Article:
Staying the with illustrative example, when the policy engine 174 observes that a load burst is occurring it can issue rules governing the seek manager 176 to modify the command profile in relation to the network load in an effort to prevent a saturation condition in the cache 166. The rules may cause the command profile to match the network load in terms of the ratio of write commands to read commands. The rules may also modify or even temporarily suspend other goals such as the maximum latency and the LUN class priority in order to recover from saturation as quickly and smoothly as possible.

In conditions like this when emphasis is put to the seek manager 176 to aggressively flush cached commands, it has been determined that flushing performance can be significantly improved by increasing the depth of the command queue of transfer requests. In other words, the present embodiments contemplate the policy engine 174 also using the load characterization to define rules governing the cache manager 170 that “load up” the command queue presented to the seek manager 176.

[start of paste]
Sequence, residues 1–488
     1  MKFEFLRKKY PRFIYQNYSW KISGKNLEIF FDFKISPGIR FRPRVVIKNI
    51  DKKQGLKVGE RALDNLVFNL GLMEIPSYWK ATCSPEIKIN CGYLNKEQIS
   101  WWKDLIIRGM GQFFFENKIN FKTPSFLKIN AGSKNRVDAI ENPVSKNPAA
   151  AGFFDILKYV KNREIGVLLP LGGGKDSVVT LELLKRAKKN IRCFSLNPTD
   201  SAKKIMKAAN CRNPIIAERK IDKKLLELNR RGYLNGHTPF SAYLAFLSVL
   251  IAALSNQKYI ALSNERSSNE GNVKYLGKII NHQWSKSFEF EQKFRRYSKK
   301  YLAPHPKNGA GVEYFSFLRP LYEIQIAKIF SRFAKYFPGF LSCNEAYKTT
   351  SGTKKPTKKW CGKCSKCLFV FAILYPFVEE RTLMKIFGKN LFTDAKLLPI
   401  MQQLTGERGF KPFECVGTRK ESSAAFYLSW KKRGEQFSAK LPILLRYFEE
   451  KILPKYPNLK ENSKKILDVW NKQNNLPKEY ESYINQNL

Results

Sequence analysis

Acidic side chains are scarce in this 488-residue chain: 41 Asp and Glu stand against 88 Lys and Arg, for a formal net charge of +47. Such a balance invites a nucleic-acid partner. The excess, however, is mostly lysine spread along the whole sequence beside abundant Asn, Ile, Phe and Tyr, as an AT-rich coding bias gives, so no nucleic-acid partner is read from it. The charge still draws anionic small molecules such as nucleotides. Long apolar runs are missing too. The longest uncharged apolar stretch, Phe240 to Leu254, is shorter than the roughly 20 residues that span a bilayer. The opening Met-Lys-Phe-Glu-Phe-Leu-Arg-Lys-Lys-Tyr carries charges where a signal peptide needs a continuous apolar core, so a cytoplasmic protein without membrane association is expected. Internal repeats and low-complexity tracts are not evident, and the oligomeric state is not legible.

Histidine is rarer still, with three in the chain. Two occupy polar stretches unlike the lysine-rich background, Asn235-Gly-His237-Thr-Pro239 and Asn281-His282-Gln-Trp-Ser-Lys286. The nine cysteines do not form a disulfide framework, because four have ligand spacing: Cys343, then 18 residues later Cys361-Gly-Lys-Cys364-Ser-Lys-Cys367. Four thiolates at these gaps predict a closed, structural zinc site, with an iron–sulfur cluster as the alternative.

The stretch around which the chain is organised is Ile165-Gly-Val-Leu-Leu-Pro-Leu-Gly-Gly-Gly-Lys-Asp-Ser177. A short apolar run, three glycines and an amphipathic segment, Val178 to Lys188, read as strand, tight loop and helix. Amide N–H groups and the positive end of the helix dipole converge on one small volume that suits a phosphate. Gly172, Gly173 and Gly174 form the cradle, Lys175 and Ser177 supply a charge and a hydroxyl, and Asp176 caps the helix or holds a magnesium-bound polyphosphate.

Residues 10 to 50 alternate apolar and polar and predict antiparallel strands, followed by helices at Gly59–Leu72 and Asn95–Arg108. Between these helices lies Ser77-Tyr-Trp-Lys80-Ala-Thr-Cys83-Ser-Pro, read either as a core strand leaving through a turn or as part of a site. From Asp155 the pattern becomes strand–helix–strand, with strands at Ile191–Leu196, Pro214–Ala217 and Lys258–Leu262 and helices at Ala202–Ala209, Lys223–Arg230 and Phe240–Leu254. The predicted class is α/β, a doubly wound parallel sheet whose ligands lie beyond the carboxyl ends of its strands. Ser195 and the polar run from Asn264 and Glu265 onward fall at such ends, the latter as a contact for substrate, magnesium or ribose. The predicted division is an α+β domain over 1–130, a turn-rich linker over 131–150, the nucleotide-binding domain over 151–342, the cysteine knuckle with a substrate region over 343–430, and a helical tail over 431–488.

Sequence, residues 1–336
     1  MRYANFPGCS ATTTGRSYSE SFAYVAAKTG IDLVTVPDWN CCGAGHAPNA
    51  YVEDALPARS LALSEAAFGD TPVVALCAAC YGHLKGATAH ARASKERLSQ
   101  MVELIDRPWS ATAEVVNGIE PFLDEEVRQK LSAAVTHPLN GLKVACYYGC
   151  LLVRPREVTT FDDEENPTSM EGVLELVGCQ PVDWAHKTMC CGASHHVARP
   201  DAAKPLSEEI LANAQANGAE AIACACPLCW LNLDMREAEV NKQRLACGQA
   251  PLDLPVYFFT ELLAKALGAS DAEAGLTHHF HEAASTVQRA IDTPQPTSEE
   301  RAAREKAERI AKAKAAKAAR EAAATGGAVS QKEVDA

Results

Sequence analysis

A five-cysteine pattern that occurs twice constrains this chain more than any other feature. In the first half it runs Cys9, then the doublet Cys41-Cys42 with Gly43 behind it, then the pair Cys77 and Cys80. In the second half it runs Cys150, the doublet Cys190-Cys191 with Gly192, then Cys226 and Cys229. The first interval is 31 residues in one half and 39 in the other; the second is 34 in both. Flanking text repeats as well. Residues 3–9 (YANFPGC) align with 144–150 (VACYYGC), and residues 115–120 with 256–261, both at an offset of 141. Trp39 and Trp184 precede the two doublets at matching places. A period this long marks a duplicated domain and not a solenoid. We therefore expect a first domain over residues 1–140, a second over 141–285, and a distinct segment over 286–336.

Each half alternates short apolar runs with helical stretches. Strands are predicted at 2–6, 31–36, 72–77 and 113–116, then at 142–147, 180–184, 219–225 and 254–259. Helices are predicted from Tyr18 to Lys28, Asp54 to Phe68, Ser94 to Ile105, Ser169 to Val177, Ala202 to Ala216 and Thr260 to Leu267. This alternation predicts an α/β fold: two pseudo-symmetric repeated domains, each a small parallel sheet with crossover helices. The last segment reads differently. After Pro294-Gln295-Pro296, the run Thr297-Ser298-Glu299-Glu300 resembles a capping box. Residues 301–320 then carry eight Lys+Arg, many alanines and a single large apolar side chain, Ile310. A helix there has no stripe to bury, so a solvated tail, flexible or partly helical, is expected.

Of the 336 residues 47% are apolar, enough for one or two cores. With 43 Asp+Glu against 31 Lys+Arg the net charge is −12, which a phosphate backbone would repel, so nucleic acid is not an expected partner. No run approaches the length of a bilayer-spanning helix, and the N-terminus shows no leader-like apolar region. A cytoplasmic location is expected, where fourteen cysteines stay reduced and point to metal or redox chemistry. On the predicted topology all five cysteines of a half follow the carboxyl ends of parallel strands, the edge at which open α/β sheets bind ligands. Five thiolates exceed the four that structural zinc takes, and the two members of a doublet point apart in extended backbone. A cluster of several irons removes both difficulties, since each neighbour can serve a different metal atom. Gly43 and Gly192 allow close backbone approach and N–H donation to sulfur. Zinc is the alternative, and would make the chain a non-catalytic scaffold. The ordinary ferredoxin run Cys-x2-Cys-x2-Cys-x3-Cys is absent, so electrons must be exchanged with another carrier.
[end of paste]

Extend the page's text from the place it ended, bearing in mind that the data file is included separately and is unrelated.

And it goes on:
FIGS. 8 and 9 diagrammatically depict pertinent portions of the array controller 112 during steady state load conditions and during I/O burst conditions, respectively, in accordance with embodiments of the present invention. The list of writeback cached data in the cache 166, denoted as 194 and 196, is typically on the order of several thousand nodes in both conditions. The drive queue 198 in each storage device 128 is relatively small and also constant in both conditions. However, note that the cache manager 170 is responsive to rules from the policy engine 174 to define a first command queue depth 200 in the steady state condition, and defines a second command queue depth 202 that is significantly larger than the first command queue depth 200 in the burst condition. Typically, the command queue depth 200 is in the range of about 20 to 40 transfer requests. Preferably, when a burst condition is occurring in a saturated state the adjusted command queue depth 202 will be in the range of about 200 to 500 requests, or at least about an order of magnitude larger than at steady state conditions.